Friday, March 17, 2006

Censorship by Chazal and Chachamim - when appropriate?

The Mishna at the end of the 4th perek of Pesachim tells us that the Chachamim approved of the "geniza" of Sefer Refuos by Chizkiyahu haMelech. Rashi explains that the Sefer Refuos was a book of remedies for sickness - in other words, a medical textbook - and the Chachamim were concerned lest people become overreliant on medicine and neglect tefillah and bitachon. (The Rambam has quite a different view - see Chazon Ish in Emunah U'Bitachon who has a careful analysis).
I am simply throwing out the question: when medicine, science, or "knowledge" of some type has the potential to lead people astray from halacha or belief, under what circumstances should there be censorship or "geniza"?
Is this the type enactment only Chazal could make, or is this in the hands of the chachamim of each dor to determine? What are the bounderies?
This concern was raised specifically in the times of Chizkiyahu haMelech, about whose generation the gemara in Sanhedrin tells us that even "tnok v'tinkoes" knew hilchos tumah v'tahara. Should we draw a kal v'chomer and be more concerned for our lesser dor, or could one argue that specifically because there was hightened religious awareness, the Sefer Refuos became "obsolete" (so to speak), but when science and secular knowledge is more prevelant, censorship is determental?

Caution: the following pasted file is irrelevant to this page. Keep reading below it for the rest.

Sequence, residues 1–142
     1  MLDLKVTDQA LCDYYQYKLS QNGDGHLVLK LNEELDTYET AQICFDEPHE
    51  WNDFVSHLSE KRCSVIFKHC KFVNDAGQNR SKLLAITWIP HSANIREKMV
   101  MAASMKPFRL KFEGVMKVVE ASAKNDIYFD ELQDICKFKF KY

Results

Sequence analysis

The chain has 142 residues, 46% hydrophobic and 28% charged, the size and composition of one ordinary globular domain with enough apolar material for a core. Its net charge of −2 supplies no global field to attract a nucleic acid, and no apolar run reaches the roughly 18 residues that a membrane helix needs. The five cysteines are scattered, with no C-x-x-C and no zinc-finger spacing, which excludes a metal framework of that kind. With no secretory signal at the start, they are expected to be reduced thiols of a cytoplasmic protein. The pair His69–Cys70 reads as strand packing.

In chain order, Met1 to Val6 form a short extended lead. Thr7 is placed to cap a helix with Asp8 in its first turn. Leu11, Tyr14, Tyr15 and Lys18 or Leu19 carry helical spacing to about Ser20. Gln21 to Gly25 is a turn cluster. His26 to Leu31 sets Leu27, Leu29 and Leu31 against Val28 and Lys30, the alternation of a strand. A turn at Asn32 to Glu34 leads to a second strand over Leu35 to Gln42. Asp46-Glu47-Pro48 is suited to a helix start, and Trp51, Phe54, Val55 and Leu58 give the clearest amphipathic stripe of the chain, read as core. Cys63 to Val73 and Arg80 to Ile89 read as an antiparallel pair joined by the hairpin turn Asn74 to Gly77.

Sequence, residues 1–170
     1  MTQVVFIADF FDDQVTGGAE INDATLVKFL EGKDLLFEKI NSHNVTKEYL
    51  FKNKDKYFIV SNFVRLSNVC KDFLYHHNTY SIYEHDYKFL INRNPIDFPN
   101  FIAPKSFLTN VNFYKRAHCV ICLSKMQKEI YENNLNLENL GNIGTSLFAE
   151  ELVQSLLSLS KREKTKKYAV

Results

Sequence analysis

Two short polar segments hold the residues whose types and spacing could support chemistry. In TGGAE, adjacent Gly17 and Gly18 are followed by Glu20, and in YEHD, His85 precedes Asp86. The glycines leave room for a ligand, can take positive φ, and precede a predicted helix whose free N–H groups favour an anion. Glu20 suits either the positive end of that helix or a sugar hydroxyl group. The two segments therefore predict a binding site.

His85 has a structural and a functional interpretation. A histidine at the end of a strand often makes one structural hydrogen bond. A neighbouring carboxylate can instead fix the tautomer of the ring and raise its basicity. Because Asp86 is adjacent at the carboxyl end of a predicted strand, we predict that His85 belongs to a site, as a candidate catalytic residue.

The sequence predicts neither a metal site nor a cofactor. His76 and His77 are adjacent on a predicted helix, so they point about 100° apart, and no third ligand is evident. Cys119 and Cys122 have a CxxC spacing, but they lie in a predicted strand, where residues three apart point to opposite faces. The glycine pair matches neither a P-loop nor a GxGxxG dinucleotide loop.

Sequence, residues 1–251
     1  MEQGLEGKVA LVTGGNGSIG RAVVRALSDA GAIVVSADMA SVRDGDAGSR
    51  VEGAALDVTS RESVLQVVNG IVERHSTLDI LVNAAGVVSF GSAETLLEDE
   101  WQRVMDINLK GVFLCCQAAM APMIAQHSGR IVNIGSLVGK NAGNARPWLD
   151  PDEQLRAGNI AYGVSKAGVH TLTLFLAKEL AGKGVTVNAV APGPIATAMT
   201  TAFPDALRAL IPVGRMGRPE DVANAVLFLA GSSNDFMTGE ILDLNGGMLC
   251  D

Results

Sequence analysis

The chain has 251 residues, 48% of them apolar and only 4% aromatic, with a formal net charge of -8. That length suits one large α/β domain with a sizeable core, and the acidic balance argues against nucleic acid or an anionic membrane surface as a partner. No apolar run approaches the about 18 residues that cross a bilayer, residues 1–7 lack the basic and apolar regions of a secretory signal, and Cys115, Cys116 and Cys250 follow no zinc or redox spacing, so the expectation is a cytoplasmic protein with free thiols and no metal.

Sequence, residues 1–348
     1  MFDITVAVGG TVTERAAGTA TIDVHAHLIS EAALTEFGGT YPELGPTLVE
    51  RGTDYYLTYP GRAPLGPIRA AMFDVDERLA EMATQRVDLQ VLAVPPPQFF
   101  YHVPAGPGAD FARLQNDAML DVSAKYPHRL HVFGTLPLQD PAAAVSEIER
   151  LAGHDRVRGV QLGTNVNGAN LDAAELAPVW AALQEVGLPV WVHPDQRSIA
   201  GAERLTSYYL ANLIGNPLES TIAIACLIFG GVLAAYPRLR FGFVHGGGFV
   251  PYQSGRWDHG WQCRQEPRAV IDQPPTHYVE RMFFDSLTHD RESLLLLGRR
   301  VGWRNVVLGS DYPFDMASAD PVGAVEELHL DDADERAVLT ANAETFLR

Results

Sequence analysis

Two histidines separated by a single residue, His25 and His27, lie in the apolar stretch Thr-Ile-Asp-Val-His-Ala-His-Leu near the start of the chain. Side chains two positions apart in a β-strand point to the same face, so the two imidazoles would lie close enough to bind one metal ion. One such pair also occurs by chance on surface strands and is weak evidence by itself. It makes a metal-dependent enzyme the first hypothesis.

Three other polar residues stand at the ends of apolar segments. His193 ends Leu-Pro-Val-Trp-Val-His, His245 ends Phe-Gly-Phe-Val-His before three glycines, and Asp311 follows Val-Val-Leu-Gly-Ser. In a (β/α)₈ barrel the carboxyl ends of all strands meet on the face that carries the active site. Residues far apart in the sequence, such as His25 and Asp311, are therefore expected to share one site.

1. Anonymous8:56 AM

    No one is allowed to go to college. Ever. See my comments to Meseches Kiddushin.

    - Rav Baruch Bear

  2. Anonymous11:36 AM

    Haven't there been times when even great men overstepped bondaries in their zealousness and burned books? I have been told that R' Yonah wrote his famous work on teshuba in part as his own teshuva for participating in burning the Rambam's seforim.

    Today the frum position seems to be that children and even adults should not be exposed to what may compromise their faith. Hence the Artscroll science text books which filter out anything objectionable -- much like the Artscroll Literature textbooks do. I understand why they do it, but the problem is what happens once the child grows up and drops his yeshiva-imposed blinder. (He doesn't have to go to college for that , only to pick up some books, periodicals, etc.)

  3. Anonymous10:30 AM

    We should remember what the CI told R Elchanan, that for every maamar chazal he brings in favor of a particular public policy decision, he can bring a proof to the opposite, and that the way to decide public policy issues is based on what seems right for that dor, not by bringing raayos from this or that aggadah.